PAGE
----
While on a 1906 expedition, explorer Percy Harrison Fawcett (Charlie Hunnam) finds what he believes to be evidence of a lost civilisation. Unearthing this Amazonian El Dorado — ‘Z’ — becomes his obsession and, he believes, his destiny.
Having spent much of his career channelling the grit and glower of ’70s crime cinema (see: Little Odessa, The Yards and We Own The Night), it’s no surprise to find that James Gray’s latest movie just as faithfully echoes the same era — albeit in a very different way. In The Lost City Of Z he takes us far from the Scorsese-esque mean streets of the East Coast and drops us deep into the verdant, even meaner murk of a Herzogian wilderness.
Aguirre, The Wrath Of God is the obvious touchpoint, with its own doomed quest to find a jungle-swallowed city. As in Herzog’s unsettling 1972 epic, Gray’s shadowy jungle is an amoral, brutal and sometimes surreal force to be warily respected, rather than some bright, romantic pulp-fiction playground. The Amazon rainforest is a “green desert” where any passing non-indigenous human is little more than a walking buffet for mosquitoes, piranha, jaguars and cannibals. It is a powerful and visceral portrayal of a truly unmerciful landscape.
Somehow simultaneously unnerving and sublime.
Though Major Percy Fawcett is no wild-eyed Aguirre. Known to his contemporaries as “the David Livingstone of the Amazon”, and an inspiration for Sir Arthur Conan Doyle’s The Lost World, he was one of the last great British explorers — a man who, until he himself became as lost as the city he sought, kept his composure and dignity amid the heat, starvation and occasional deluge of tribal arrows. In Gray’s script (adapted from The New Yorker writer David Grann’s superbly illuminating history) this fascinating character comes with the added baggage of social ostracism; “He’s been rather unfortunate in his choice of ancestors,” one snooty superior notes. So success as an explorer is not merely a question of satisfying his intrepid nature; as Fawcett says to his boozy aide-de-camp Costin (Robert Pattinson, hidden beneath specs and a bushy beard), “My reputation as a man rests entirely on our success.”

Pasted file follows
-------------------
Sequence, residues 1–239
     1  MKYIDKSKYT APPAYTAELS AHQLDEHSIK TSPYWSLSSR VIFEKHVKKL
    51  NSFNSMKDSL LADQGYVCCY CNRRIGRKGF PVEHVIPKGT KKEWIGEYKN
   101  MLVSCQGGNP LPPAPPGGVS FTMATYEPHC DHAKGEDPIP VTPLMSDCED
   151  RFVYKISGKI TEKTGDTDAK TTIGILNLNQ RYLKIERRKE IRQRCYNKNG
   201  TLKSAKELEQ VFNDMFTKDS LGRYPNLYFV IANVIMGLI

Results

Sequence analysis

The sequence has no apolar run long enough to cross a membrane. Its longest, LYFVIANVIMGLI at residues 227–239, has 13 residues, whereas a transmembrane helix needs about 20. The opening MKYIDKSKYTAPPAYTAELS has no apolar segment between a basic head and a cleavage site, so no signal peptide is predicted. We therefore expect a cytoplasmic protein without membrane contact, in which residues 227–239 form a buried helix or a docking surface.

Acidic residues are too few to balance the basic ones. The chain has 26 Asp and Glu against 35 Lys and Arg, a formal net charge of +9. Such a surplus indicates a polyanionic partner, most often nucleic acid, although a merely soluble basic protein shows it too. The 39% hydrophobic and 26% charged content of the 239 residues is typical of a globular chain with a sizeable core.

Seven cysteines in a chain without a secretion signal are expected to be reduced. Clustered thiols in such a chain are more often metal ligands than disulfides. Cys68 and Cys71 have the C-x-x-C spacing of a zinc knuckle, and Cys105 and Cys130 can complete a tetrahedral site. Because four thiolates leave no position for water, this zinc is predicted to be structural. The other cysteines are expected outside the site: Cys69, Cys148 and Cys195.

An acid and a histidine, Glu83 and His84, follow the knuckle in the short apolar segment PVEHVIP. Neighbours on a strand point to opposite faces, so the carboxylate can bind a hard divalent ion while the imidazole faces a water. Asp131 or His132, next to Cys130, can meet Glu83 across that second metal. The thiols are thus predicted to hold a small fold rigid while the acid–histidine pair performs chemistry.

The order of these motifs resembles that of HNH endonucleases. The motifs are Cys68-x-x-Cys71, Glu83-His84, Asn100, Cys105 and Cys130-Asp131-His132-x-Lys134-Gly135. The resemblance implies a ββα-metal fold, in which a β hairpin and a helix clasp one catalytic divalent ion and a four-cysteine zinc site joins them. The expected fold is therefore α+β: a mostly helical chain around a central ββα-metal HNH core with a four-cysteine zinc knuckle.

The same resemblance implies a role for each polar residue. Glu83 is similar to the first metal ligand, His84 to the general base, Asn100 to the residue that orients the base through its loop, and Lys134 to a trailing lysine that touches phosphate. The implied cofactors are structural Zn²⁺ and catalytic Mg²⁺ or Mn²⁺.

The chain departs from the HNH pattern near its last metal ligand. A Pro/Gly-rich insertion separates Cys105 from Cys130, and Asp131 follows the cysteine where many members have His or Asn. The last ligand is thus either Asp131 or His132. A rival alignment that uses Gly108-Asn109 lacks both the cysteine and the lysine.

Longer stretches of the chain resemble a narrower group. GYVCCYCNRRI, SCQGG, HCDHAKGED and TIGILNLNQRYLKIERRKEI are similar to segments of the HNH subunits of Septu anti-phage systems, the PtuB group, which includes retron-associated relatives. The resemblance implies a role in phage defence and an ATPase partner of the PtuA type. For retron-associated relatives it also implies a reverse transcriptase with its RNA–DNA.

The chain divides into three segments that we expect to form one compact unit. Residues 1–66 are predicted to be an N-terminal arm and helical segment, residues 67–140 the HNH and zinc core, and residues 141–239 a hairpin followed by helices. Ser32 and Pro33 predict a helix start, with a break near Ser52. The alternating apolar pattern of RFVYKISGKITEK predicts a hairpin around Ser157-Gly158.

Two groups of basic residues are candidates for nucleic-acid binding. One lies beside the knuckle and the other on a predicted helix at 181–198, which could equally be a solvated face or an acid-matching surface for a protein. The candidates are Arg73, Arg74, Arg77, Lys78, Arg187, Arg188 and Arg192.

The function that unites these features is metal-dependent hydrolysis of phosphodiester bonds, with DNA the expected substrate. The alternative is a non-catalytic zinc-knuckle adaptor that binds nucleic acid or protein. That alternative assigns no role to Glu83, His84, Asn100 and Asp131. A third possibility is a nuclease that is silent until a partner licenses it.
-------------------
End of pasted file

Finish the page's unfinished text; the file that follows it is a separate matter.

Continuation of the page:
In casting the role, Gray has taken something of a gamble. Charlie Hunnam’s broad-shouldered, laddish swagger seems an odd fit for the rake-thin, ramrod-straight gentleman explorer, who we follow through two decades of life. And while Hunnam largely holds up well under the pressure of his most demanding role yet, he is a less compelling presence during the quieter scenes with Fawcett’s ahead-of-her-time wife Nina (Sienna Miller, underused in yet another sidelined-spouse role) and, later, his grown-up son Jack (Tom Holland). He is a man for hacking at the tangled undergrowth or, in a dramatic mid-film diversion, scrambling across the barbed-wire and chlorine-gas plagued no-man’s land of the Somme.
Which isn’t to place the blame for the film’s lapses in momentum squarely at Hunnam’s door. Gray’s three-act/three-expedition structure necessitates in-between-adventure stretches which, while highlighting Fawcett’s listlessness and impatience to get back to finding Z, may also test your own patience a little and make the 141-minute running time feel significantly longer.
It’s a difficult story to end, too, its appeal to Grann being its status as one of modern history’s great unsolved mysteries. But here Gray excels, going out on an oblique but elegant note that is somehow simultaneously unnerving and sublime.
Solid and stately, a ’70s-feeling jungle adventure film that’s more of a thought-provoker than an excitement-inducer. But there’s nothing wrong with that.